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'Every Day Is An Opportunity To Change The Narrative': Plano Police Officer Helps Needy Family Escape Heat, Pays For Hotel

PLANO, Texas (CBSDFW.COM) - What a family first perceived as a case of police harassment had a far different outcome in Plano.

In fact, the officer's actions have earned him praise.

On one of the hottest days of the summer, Officer Lance Buckley decided to approach a couple with a small child who looked like they could use some help, or at least directions.

Plano officer body cam of homeless family
Plano officer body cam of homeless family (credit: Plano PD)

"Dad had a towel around his neck and sweat showing from a shirt and I knew at least that day the heat index was 105 or 106," said Officer Buckley. "Surrounded by all their luggage, they had a little kid probably three or four years old running around them."

From the other side of the Officer Buckley's dash camera, Maasai Shepard prepared for something he had seen several times before.

"I've had some run-ins as a family from the police departments in different states over some of the most ridiculous things, over things like wearing masks and 'what are you doing in this hotel trying to get a room'," said Shepard.

But harassment wasn't on Officer Buckley's mind.

He joined the Plano Police Department five years ago right after several high-profile police shootings and said he starts every evening shift with the simple goal, to help people.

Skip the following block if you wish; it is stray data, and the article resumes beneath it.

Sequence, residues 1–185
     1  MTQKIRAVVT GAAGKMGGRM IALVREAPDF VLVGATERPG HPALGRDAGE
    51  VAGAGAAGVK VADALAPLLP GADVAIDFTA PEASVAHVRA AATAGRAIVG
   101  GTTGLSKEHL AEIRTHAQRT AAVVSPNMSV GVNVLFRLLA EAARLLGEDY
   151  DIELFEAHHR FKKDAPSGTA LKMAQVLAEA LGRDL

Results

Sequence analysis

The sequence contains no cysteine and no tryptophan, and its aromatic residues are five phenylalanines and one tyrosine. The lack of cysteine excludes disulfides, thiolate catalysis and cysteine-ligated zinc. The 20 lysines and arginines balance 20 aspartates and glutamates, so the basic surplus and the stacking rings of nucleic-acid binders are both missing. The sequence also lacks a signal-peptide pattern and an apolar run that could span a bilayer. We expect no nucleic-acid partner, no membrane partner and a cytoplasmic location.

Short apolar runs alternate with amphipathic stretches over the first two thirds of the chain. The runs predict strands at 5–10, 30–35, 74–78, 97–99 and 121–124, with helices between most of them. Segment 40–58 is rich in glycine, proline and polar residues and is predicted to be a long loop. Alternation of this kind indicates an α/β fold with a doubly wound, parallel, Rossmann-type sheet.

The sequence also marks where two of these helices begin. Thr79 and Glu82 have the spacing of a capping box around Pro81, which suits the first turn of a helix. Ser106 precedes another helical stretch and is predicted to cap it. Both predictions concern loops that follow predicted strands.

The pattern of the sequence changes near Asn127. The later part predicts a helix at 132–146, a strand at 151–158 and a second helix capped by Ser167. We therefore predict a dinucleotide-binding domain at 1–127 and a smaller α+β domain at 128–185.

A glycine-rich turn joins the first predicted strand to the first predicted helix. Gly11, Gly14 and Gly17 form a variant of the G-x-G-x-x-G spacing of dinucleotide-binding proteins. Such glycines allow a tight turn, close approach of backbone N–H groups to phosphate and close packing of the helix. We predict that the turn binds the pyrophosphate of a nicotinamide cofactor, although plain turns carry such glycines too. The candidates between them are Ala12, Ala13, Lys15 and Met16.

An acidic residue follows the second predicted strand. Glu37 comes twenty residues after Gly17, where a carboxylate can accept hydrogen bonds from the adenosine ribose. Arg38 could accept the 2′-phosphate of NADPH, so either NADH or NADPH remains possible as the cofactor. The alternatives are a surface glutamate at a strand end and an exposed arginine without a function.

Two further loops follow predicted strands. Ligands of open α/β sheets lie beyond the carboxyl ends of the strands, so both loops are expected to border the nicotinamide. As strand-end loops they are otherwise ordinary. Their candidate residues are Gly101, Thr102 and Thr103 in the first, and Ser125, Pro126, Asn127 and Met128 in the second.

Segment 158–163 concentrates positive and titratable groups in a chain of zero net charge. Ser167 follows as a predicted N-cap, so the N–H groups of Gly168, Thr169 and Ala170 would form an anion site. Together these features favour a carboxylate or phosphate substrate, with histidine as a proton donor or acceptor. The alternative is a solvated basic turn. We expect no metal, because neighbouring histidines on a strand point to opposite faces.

"Every day I show up to work is an opportunity to change the narrative," said Officer Buckley.

He found out the Shepards had just relocated from California and were struggling financially without a place to live.

"We are business owners and due to the pandemic caused us to lose a lot of business, leaving California and now relocating down here to Texas," explained Shepard.

"The walls kind of came down and the dad leveled with me that they could use some help for the night," said Officer Buckley.

It didn't take long for the officer to fill his patrol car with luggage and drive the family to a local hotel room where he footed the bill.

"He treated us to dinner and we appreciated him very much," said Ciara Shepard. "He helped us out get a room and also helped us out with some resources. Every officer should follow Officer Buckley's lead when you see a family or any minority look to help them first and not everyone is up to bad or doing bad."

The Shepard's are still in need of long-term assistance and Officer Buckley, who's remains in touch, said he isn't closing the case until he makes sure they get it.

Anyone interested offering help to the Shepards can do so through their businesses or a cash donation:

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